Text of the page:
Career & Coffee

Resume Writing, Job Search, Industry News and Erin’s weekly musings on all things career.

Using the C.A.R. method on your Resume June 2, 2009

Filed under: Resume Writing — erinkennedy @ 12:44 am
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Have you heard me talk about the C.A.R method? If you are a client of mine, you have. It’s a method I use in every single resume. It is, to me, the single most important factor when writing about your accomplishments.

OK, so what does C.A.R. stand for and what does it mean for you?

C.A.R. stands for:   Challenge   Action   Results

When consulting with clients and proceeding with the data mining process, I always ask them about their C.A.R. stories. What were the stories behind their accomplishments? What was going on in the company before they took on the issue? Give the reader some background, not a novel, just a hint of what the environment was like.

So ask yourself, what was the Challenge I faced when either a) I joined the company or B) I took on the new situation or C) I was promoted?  Briefly discuss the Challenge. Again, it doesn’t have to be super lengthy. You  just want to get your message across.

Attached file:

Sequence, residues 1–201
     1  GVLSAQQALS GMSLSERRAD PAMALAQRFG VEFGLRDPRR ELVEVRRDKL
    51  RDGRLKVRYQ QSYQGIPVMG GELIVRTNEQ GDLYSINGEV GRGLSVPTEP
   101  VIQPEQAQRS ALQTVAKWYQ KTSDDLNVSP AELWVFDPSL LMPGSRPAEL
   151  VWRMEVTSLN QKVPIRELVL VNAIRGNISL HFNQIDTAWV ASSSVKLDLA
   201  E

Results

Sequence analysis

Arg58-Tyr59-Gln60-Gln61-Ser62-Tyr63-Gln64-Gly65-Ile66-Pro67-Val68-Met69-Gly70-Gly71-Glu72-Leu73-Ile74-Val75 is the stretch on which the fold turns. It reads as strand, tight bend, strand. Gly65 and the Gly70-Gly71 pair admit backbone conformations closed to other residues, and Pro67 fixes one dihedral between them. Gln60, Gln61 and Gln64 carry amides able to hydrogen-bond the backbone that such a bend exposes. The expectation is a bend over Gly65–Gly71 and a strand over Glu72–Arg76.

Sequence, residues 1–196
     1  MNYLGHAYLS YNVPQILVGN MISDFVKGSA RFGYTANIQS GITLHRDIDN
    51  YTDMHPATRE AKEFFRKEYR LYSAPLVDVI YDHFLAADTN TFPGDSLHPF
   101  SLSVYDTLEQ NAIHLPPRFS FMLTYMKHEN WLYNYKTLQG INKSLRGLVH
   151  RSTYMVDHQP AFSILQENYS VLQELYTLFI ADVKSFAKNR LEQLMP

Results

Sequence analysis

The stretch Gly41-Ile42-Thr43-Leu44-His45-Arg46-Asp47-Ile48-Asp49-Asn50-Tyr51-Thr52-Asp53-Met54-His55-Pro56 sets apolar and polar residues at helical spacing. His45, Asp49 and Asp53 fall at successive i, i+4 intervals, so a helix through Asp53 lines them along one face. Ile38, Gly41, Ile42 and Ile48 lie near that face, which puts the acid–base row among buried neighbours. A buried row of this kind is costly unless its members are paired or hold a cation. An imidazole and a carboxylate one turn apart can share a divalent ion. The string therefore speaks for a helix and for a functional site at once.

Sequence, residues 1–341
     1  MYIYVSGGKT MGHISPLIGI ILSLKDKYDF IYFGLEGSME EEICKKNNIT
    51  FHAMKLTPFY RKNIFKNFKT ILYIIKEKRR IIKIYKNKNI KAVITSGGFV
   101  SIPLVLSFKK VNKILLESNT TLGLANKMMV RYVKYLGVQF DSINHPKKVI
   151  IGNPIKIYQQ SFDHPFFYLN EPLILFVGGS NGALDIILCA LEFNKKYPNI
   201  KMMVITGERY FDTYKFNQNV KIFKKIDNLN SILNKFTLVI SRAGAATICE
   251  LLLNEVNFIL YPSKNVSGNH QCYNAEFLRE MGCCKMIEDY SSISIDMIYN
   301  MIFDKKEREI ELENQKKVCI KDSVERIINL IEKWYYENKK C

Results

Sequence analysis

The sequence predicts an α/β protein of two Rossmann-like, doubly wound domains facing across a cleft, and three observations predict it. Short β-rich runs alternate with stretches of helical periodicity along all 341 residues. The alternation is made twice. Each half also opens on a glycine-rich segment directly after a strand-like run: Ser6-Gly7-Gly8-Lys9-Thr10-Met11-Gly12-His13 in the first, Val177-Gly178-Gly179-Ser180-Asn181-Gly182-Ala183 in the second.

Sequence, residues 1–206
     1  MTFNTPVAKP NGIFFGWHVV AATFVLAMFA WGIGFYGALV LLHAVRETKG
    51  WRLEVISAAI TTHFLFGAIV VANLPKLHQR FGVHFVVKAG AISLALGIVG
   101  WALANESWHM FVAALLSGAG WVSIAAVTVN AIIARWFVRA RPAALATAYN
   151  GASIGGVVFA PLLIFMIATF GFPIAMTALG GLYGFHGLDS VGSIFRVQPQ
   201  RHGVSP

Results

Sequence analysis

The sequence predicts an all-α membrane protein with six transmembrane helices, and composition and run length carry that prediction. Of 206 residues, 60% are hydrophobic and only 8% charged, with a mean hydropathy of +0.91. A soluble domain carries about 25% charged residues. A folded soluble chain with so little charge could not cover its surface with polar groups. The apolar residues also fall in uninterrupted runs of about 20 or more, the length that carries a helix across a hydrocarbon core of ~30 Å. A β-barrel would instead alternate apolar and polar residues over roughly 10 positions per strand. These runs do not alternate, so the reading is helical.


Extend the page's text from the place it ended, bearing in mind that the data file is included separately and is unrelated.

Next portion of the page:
For the Action portion, this is where you can talk about what you did to resolve or change the situation. What action or steps did you take? For some jobs, it might be quite detailed, but I wouldn’t advise talking about every single thing. Summarize as best as you can. Remember, HR people have lots of resumes to review and not a lot of time.

For the Results portion of C.A.R., talk about the results. What was the percentage of production increase? How much did you increase sales or people productivity? Use numbers and percentages whenever possible.

These are the things that stand out and make you more employable as employers want PROOF of what you are capable of doing… it shows them what you can also do for them as well.

C.A.R. is the easiest way to pull out your accomplishments if you are having a hard time thinking of what you did/do.

Good luck!

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Searching the Hidden Job Market May 27, 2009

Filed under: Career & Workplace,Interviewing,Job Search,Networking — erinkennedy @ 12:00 am
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In a climate like the one we are in, it’s easy to feel like we will never find the job we want, or that ‘no one is hiring‘. However, you can increase your chances of landing multiple interviews if you can tap into the “hidden” job market, or, the one that hasn’t been advertising. Contacting the companies/contacts directly makes a much more powerful impact then random online resume posting to (some useless) job sites.